On the 25th October 1971, the South Island Limited Express steamed its way for the last time from Christchurch to Dunedin. It marked the end of 108 years of steam powered train services in New Zealand.

The first public rail service clattered its way between Ferrymead and Christchurch in 1863. From the 1870s, under the encouragement of Premier Julius Vogel, a nationwide network of railway construction was begun to link major towns following the abolition of the provinces. The planned railways would also open up the inland areas for farming and settlement. Eventually 4,128km (2,565miles) of railway tracks were laid around both islands.


The European settlers to New Zealand in the latter half of the 19th century were keen to develop their new country. The first locally built steam locomotive was built way back in 1873. However, before workshops could be established New Zealand had to import locomotives. The Wellington and Manawatu Railway (WMR) Company’s American built locomotive No.10 established a world speed record for the narrow 3ft 6in (1067 mm) gauge railway, averaging 68km per hour (42miles) on a two-hour run and hitting a top speed of 103kph (64mph). This must have been an almost unbelievable feat considering horse drawn public transport at the time averaged 5mph (8kph)

Once railway workshops had been established, a range of successful steam locomotives rolled off the assembly lines at Dunedin, Wellington and Christchurch with the last being built in 1973. The most impressive and powerful type – the JA locomotive, with 51 being built, was used to haul passenger trains over the busy South Island mainline. The rail network on the South Island was more advanced due to an easier landscape for constructing railways. Christchurch and Dunedin were also major centres of population at this time too. Maori land disputes and deforestation were issues in the North Island and delayed the construction of tracks, especially in the King Country in the island’s centre.

Although NZ Railways operated some electric locomotives from 1923 and diesel railcars from 1936, the introduction of main-line diesel-electric locomotives from 1950 spelled the end of the steam engine. The dieselisation of the North Island rail network was completed by 1967, the year the last steam locomotive in commercial service ran from Auckland to Wellington.


Steam power lasted another 4 years in the South Island because carriages on the night expresses between Christchurch and Dunedin needed steam-heating during winter.

Established in 1904, the ‘South Island Limited’ initially consisted of 3 first class and 4 second class carriages. There were also 2 sleeping carriages. The train travelled 590km (370miles) with 15 stops between Christchurch and Invercargill. The entire journey took 11 hours and 20 minutes. The train service allowed southern passengers to connect with the Inter-Island ferry at Lyttelton. This was the most prestigious NZR train in the early 20th Century. The most up-to-date carriages were used with the most powerful locomotives available to pull them along the best maintained tracks in the country. The ‘South Island Limited’ often achieved speeds of 110kph (68.5mph). By 1935, passenger numbers had dropped considerably due to the depression. The two sleeping carriages were removed leaving passengers on the overnight service to make do with carriage seats that could be partially reclined to form a rather uncomfortable sleeping surface. The sleeping carriages were never re-introduced.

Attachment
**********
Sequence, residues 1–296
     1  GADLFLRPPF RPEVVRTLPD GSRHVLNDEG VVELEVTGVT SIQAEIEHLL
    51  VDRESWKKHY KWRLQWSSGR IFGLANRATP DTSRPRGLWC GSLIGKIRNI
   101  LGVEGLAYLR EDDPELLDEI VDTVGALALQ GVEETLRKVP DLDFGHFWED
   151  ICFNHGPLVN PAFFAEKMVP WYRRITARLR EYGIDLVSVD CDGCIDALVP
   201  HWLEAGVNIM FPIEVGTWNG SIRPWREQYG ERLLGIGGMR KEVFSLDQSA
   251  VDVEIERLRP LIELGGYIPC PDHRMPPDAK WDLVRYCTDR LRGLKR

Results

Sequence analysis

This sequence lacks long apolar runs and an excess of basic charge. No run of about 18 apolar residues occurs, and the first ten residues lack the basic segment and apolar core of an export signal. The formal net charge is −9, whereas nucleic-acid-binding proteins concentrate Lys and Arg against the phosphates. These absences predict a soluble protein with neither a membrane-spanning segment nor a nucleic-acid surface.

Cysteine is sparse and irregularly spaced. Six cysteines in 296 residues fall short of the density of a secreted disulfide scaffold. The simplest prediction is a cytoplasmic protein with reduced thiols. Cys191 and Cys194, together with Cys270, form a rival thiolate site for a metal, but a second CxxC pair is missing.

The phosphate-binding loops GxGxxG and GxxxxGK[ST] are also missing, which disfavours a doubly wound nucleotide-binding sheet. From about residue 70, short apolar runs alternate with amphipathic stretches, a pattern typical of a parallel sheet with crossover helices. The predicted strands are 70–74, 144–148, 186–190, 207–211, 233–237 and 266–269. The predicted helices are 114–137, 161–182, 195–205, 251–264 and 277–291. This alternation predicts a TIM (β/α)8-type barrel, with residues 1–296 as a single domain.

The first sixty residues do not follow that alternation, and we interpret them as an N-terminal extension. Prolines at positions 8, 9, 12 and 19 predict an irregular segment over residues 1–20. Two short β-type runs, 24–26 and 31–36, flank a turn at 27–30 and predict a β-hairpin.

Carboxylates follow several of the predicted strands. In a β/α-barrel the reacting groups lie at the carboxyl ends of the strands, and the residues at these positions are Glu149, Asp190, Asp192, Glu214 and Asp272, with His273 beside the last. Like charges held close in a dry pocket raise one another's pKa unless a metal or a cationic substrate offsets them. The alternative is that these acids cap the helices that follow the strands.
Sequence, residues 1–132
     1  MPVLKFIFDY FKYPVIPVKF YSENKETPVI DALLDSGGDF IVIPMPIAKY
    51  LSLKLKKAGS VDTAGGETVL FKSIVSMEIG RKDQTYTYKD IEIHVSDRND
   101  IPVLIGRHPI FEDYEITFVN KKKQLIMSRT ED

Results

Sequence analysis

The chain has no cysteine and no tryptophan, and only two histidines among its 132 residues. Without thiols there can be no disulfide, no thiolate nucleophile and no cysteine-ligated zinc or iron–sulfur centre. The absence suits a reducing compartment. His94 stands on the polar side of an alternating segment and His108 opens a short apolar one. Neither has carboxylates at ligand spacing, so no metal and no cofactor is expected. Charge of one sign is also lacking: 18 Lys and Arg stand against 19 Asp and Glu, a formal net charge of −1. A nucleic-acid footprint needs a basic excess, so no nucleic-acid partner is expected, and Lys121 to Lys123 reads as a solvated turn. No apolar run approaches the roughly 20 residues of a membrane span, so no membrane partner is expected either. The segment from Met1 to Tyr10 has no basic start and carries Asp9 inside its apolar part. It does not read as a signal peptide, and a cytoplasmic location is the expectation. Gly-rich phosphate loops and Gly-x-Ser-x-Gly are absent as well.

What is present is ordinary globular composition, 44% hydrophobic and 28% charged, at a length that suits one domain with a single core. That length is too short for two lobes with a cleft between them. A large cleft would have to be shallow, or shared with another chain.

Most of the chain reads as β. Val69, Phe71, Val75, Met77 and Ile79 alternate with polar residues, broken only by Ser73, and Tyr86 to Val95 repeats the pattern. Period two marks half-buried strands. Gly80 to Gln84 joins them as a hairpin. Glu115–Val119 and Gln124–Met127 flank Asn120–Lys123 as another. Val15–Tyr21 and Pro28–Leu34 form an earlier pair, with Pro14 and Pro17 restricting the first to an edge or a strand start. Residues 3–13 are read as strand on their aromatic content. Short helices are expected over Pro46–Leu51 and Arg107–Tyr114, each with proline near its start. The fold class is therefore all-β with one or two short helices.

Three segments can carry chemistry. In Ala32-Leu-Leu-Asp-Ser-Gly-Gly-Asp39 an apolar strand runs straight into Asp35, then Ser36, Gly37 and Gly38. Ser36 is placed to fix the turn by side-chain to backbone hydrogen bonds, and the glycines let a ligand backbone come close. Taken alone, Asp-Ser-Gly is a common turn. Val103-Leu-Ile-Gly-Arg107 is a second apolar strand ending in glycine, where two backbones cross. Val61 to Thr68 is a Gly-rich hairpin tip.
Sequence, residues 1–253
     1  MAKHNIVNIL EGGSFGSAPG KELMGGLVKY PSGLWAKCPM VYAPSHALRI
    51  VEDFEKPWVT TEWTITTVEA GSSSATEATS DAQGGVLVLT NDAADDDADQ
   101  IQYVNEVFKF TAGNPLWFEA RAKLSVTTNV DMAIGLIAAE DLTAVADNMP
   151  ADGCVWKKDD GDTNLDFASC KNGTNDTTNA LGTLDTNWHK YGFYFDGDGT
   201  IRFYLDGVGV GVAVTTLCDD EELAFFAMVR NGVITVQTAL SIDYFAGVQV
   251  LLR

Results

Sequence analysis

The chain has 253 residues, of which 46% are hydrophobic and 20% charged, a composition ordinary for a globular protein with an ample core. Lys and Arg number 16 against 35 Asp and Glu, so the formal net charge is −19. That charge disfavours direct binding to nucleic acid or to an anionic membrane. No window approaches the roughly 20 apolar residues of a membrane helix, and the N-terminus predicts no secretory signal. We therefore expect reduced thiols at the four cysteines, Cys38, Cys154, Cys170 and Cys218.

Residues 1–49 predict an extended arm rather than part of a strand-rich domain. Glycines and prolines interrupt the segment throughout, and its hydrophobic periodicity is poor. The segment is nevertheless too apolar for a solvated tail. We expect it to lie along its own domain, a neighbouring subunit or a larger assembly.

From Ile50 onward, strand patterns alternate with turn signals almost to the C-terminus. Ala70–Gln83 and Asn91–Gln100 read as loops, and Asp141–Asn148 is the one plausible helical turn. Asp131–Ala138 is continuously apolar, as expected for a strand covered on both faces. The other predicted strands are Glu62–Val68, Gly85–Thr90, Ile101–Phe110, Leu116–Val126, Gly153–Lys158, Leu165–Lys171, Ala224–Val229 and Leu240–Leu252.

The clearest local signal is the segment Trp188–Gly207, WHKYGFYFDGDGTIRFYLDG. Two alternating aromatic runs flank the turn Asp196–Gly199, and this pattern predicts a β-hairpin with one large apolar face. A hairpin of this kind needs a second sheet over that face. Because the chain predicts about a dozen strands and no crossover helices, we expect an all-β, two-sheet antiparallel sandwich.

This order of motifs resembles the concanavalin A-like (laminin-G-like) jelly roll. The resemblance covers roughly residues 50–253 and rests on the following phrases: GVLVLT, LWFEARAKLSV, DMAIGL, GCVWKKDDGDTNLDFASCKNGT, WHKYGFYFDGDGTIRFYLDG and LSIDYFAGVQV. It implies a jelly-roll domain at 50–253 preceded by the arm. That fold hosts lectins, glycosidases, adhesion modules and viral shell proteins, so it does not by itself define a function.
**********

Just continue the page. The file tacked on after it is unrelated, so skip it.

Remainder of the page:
I remember enduring a trip on the ‘South Island Limited’ It was impossible to make the hard seats in any way comfortable with the NZR pillows provided. It was difficult to get any sleep due to the clatter of the wheels on the rails and the creaking of the swaying carriage. When the train stopped at Ashburton, there was a flurry of activity on the platform as well as disruption on the train as passengers clambered off and on. This was repeated at Timaru and Oamaru. Further south, sleep was impossible while the squealing wheels negotiated the curves around the coast south of Oamaru. Dozing off was a near impossibility even with a skin full of alcohol.


Quite a few years ago, I was in the crowd at Wellington railway station to witness the arrival of a special steam train that had made a commemorative journey from Auckland. There is something spectacular about steam locomotives. Firstly, the size of them is truly impressive. These are huge machines. All eyes turned. The ground shook as the sweating black monster hissed and puffed slowly to the end of the platform. A group of small boys nearby screamed in fear as a jet of steam from between the two shoulder high driving wheels was shot forcefully across the platform. Black smoke belched from the smokestack as the huge exposed pistons breathed out. The coupling rods thrusted forward as the rows of wheels squealed to a stop. Jets of steam kept ejecting from beside the water tank. The whole impressive giant seemed to be alive. It was a truly awesome sight, frightening and intimidating at the same time. I can understand why men have an enduring fascination with these mechanical monsters. The steam locomotive is, in my opinion, the most masculine, majestic man-made object ever invented. It oozes power, strength and a mechanical beauty not achieved by any other fast-moving machine.


I’m pleased to say, steam engines have not disappeared from New Zealand. A number of railway heritage organisations run steam-hauled excursions around the country. They always draw a crowd (of men mainly). The power of steam continues to fascinate and enthral. A steam locomotive in action is sure to turn heads wherever it is encountered and is a spectacular example of Victorian ingenuity and vision.

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Ceidrik Heward

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